Finding the right investors and raising funds are necessary components to grow a startup. As entrepreneurs, this process can be nerve-wracking. From the initial meeting with investors to the demo, entrepreneurs will be carefully scrutinized and vetted as investors are not only investing in the idea, but also the founders that will grow the company.0

Amidst this preparation, the very first thing an entrepreneur may notice is the title associated with the investor. While this may seem inconsequential, it is important for entrepreneurs to understand the hierarchy of venture capital firms and with whom they will be speaking.



At the highest level, you may see a business card with the title of “managing director,” “general partner,” or some derivative of it. Partners at this level will suggest and vote on whether to invest in a company or not.

But not all partners are made equal. In the day and age of fostering work creativity and culture, companies have opted to redefine work titles like “office manager” as “office ninjas” or “Marketing Director” as “Director of Storytelling.” Similarly, while VC firms are not nearly as creative with job titles, a “partner” can in reality mean a “principal” or a “director.”



Principals and directors are next in line within the VC hierarchy. The responsibilities of Principals and Directors can be many. From deal sourcing, working directly with the portfolio company, or introducing the entrepreneur to other key players, they will usually help in multitude of ways.

Usually, principals and directors will not have the power to make a final decision on whether to invest or not. However, their power to influence a decision should not be overlooked. Because of their experience, vast network, and involvement with the deal, their feedback and recommendation will go a long way.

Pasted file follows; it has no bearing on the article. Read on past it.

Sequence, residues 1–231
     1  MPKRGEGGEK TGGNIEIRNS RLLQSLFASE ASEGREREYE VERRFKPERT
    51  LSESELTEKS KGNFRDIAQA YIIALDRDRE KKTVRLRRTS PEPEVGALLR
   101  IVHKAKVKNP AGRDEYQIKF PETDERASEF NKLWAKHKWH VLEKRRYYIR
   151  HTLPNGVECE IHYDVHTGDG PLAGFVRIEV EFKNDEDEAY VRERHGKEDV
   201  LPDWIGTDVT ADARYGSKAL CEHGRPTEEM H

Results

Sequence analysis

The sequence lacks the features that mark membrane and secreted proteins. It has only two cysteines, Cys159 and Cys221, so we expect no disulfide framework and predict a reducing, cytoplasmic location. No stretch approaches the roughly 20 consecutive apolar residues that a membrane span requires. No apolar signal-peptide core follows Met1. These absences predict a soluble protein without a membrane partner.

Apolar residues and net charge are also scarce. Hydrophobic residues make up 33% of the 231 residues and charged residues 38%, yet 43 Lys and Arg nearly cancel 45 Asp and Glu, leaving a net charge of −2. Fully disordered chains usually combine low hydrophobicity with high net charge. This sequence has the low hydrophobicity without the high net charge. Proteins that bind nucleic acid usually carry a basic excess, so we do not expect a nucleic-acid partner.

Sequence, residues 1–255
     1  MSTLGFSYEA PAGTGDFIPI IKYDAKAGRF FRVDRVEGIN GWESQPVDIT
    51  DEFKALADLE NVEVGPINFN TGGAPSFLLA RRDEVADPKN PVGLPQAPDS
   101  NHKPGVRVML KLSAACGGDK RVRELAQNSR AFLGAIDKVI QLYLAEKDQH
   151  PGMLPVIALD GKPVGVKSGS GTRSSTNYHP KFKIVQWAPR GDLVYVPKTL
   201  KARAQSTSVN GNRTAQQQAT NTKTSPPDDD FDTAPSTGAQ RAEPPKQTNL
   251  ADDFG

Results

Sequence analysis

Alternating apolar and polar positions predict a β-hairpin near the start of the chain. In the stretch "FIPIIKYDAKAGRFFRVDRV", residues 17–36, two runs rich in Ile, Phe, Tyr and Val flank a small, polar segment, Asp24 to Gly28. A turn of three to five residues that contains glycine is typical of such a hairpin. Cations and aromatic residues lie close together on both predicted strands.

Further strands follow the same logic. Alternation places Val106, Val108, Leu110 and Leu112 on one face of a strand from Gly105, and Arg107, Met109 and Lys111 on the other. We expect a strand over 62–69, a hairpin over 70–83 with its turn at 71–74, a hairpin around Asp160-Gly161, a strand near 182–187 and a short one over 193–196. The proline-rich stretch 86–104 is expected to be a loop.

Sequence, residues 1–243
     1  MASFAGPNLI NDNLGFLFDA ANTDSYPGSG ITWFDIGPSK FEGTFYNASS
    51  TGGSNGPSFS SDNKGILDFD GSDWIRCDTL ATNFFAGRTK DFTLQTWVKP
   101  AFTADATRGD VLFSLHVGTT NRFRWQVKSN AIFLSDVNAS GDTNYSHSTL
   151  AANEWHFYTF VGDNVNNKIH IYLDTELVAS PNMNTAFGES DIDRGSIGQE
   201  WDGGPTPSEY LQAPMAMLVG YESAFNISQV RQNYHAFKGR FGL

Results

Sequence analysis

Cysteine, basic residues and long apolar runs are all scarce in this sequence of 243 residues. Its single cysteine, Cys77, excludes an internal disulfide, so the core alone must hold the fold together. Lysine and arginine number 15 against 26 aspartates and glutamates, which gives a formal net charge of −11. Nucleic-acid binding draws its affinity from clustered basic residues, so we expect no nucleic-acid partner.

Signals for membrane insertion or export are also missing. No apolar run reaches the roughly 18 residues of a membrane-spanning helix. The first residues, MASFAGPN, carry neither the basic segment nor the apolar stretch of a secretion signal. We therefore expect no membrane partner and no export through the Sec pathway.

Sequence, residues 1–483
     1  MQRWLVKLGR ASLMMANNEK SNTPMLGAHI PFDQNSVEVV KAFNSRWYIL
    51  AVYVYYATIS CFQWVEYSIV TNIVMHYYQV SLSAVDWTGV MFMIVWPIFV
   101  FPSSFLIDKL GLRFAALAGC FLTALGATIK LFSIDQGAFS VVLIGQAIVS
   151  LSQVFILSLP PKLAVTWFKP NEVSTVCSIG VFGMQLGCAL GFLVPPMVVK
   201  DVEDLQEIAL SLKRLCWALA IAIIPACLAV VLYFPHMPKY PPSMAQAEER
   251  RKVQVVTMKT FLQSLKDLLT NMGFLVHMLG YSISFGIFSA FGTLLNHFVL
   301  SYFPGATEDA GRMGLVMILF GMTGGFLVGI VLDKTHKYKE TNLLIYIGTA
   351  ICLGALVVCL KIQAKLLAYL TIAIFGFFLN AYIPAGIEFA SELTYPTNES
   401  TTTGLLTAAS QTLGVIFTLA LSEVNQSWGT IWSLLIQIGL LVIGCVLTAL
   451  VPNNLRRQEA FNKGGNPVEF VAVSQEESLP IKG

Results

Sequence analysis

Associates are not deal partners. But they are gatekeepers and usually the first point of contact for many entrepreneurs who attend events or workshops. Thus, it is important to keep in mind that while associates may not lead investments or have the power to swing a vote, they can be the first source of information for partners inquiring about your company.



Analysts are the most junior on the team. Their power to influence decision-making will be minimal.

The title of the person can influence our attitude towards the other person. Nonetheless, entrepreneurs should not forget that the same social rules that govern our daily interaction with family, friends, and co-workers also apply to VC’s and investors. So even though one may be inclined to adopt a dismissive attitude towards an associate, these associates may soon become partners. And they will surely remember the pleasant (or the not-so-pleasant) meetings they had when they were at the bottom of the hierarchy.